The safe-haven yen edged higher while the Canadian dollar fell in early Asian trade on Monday after U.S. President Donald Trump threw the G7's efforts to show a united front into disarray following a verbal spat with Canadian Prime Minister Justin Trudeau.
The yen, which is often used as a funding currency for riskier investments and tends to gain when investors’ risk appetite sags, rose 0.15 percent to 109.40 yen on the dollar.
The Group of Seven summit held in Canada laid bare a deep rift on trade and tariffs between Trump and other leaders as the U.S. president tweeted he was backing out of the joint communique and lashed out against Trudeau.
Trump has infuriated the European Union, Canada and Mexico by imposing tariffs on steel and aluminium imports, and the latest G7 jolt is expected to keep financial markets on tenterhooks amid fears of a global trade war.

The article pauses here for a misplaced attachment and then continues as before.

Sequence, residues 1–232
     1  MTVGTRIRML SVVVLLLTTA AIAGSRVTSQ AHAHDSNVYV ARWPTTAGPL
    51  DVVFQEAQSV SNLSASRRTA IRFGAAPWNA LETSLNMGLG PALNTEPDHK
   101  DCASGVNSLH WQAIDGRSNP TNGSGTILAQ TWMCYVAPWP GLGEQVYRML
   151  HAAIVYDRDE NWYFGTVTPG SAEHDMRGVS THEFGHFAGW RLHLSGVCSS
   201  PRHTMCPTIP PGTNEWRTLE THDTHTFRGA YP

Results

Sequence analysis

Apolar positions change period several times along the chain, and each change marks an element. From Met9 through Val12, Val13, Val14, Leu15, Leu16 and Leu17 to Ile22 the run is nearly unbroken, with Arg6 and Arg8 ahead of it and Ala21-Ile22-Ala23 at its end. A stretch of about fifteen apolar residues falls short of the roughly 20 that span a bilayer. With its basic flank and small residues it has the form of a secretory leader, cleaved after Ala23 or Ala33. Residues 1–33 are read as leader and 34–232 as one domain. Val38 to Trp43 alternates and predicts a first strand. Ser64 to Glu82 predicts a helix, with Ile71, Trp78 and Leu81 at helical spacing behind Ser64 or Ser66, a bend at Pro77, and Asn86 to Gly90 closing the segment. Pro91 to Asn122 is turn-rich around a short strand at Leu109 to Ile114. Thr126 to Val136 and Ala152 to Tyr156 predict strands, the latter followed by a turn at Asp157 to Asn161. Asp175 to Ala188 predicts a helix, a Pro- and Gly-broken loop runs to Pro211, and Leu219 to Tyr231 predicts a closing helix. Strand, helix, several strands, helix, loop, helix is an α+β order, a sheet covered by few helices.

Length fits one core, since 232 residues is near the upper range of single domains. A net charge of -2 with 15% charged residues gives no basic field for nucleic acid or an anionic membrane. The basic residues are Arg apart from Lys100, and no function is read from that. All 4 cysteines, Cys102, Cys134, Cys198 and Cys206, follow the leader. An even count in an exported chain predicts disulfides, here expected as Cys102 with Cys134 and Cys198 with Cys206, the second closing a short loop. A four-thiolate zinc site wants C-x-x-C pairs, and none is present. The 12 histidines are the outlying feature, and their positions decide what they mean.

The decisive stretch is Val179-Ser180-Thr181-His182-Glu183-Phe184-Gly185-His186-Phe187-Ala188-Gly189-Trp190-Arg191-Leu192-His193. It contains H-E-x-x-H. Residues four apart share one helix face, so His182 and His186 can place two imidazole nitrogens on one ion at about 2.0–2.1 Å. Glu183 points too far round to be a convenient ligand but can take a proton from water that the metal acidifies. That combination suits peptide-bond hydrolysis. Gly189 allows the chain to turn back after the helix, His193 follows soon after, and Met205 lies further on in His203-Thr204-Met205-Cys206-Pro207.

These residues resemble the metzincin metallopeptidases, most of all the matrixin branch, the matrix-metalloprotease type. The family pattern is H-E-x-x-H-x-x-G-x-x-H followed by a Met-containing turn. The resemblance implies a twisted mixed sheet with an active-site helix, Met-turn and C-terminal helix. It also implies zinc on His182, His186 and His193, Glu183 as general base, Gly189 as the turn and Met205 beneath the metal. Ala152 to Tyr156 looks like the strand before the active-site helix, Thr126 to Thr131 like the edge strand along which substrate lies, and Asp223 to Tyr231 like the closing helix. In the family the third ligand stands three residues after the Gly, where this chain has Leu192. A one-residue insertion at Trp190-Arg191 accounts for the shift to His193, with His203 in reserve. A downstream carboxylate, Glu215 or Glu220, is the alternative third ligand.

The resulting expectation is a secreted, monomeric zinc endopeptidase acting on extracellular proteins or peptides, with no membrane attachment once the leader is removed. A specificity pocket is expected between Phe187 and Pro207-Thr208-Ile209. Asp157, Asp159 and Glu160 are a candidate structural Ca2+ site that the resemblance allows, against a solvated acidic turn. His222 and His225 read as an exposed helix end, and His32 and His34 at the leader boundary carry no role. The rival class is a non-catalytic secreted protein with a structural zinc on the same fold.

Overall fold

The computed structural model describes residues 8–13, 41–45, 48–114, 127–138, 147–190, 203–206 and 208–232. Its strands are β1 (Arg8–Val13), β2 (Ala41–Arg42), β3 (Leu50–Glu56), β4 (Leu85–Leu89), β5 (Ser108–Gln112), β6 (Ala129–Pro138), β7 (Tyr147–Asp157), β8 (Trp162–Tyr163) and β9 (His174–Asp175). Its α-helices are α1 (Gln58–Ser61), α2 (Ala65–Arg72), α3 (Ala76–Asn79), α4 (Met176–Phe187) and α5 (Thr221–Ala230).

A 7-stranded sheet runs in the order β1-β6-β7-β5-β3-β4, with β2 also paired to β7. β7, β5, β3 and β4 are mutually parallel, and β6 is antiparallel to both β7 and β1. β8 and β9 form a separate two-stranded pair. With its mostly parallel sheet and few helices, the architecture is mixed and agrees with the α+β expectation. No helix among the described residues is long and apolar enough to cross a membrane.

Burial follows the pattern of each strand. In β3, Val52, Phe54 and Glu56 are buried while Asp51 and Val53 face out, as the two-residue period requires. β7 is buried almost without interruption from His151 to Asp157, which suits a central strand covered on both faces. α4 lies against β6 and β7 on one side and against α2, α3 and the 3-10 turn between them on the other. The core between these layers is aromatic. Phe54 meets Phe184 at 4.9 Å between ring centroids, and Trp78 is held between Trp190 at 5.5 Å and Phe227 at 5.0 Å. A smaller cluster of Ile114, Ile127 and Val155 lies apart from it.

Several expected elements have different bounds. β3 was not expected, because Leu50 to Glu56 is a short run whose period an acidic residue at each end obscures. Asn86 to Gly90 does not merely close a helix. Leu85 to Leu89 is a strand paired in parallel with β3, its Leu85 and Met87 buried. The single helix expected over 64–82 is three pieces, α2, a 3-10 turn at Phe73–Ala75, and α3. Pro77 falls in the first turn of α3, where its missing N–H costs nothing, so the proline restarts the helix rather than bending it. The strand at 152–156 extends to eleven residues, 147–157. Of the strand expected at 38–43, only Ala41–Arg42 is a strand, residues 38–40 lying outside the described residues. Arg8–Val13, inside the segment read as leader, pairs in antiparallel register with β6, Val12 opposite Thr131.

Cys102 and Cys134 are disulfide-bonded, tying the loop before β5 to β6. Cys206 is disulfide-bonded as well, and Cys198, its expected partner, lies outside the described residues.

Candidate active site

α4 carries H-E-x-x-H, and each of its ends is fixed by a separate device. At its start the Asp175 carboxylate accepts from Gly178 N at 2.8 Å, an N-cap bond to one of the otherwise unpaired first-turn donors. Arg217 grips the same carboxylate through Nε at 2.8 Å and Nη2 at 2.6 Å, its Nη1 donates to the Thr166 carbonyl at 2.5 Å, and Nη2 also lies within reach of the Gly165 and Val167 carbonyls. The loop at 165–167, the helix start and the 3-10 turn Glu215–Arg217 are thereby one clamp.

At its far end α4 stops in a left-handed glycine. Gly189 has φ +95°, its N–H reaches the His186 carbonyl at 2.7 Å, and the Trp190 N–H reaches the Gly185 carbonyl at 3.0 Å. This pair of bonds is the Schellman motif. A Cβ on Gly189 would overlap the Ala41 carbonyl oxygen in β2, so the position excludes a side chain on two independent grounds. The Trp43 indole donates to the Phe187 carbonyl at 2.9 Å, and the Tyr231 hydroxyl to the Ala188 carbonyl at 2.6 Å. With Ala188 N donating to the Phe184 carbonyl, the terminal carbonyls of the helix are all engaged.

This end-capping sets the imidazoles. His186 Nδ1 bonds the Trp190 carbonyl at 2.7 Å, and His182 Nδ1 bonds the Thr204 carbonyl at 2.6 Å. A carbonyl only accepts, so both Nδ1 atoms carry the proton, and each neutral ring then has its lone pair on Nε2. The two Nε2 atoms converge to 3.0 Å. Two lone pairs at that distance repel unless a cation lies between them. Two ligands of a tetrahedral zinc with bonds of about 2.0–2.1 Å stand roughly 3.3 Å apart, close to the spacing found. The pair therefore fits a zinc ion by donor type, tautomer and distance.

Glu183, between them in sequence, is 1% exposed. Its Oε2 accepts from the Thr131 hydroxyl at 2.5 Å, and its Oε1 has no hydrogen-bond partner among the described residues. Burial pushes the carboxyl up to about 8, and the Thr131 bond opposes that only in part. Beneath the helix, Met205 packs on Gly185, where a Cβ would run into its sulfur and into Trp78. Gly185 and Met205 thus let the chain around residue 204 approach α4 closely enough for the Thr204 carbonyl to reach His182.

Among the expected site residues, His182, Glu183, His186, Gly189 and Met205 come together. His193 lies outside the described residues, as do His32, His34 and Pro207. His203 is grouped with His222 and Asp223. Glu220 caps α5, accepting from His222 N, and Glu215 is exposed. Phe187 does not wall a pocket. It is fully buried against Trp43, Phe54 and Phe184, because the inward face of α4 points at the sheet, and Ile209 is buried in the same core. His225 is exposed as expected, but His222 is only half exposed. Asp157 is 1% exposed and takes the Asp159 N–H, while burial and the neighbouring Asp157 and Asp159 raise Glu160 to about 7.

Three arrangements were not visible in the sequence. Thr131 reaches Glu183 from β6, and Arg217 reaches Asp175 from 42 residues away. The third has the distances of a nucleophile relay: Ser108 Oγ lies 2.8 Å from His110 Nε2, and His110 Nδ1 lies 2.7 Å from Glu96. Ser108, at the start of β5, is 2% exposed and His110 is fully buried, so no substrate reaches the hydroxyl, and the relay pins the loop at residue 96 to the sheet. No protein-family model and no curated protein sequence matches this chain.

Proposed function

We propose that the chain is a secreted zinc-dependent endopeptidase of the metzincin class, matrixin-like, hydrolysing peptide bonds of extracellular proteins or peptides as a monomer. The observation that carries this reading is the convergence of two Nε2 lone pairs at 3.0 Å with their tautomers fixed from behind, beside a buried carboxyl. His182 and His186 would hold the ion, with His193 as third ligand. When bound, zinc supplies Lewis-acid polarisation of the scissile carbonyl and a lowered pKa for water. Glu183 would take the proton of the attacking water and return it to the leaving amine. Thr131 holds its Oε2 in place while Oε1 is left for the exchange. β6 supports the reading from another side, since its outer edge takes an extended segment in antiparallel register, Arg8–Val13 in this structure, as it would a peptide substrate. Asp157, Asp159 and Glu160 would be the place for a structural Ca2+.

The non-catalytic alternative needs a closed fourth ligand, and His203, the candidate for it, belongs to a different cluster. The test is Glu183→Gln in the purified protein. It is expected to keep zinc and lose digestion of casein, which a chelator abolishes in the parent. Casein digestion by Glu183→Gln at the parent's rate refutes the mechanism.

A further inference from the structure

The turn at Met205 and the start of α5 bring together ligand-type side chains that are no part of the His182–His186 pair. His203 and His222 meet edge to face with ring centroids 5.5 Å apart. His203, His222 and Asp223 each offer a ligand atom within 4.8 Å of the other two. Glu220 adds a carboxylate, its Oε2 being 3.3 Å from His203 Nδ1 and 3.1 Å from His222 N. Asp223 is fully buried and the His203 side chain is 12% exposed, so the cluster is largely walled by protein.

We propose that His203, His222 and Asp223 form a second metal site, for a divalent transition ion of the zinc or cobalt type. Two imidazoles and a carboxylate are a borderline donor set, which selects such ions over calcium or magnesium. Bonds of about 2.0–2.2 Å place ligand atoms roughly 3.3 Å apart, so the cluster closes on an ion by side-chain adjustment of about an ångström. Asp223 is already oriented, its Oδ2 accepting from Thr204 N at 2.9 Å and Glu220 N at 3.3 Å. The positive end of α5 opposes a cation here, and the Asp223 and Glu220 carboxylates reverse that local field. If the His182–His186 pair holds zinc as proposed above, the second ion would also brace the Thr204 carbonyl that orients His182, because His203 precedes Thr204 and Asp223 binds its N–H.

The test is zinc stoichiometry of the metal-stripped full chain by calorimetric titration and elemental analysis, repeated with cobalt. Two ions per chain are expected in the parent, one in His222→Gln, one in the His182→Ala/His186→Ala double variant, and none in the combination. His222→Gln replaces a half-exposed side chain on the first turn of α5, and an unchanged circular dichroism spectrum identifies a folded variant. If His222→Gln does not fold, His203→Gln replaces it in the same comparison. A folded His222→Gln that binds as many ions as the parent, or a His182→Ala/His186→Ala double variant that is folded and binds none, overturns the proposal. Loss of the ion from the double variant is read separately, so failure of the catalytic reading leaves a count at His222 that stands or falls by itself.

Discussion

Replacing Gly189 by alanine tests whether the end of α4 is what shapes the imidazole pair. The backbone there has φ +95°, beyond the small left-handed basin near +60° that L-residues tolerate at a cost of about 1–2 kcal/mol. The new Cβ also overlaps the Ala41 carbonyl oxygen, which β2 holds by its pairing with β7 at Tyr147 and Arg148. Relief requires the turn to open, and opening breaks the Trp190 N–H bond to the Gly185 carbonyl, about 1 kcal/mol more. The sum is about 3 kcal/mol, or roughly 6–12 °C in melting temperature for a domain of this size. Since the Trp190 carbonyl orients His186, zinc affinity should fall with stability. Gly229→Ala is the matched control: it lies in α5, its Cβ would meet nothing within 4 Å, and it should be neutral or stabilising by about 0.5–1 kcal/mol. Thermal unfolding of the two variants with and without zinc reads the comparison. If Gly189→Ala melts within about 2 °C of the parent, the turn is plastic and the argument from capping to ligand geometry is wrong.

The Canadian dollar, which has been dogged by fears Trump may scrap the North American Free Trade Agreement (NAFTA), fell 0.35 percent to C$1.2975.
The euro was little changed at $1.1772, losing steam after having hit a two-week high of $1.1840 on Thursday.
The reaction was moderate as many investors braced for a confluence of big events this week, starting with Trump’s historic meeting with North Korean leader Kim Jong Un in Singapore on Tuesday.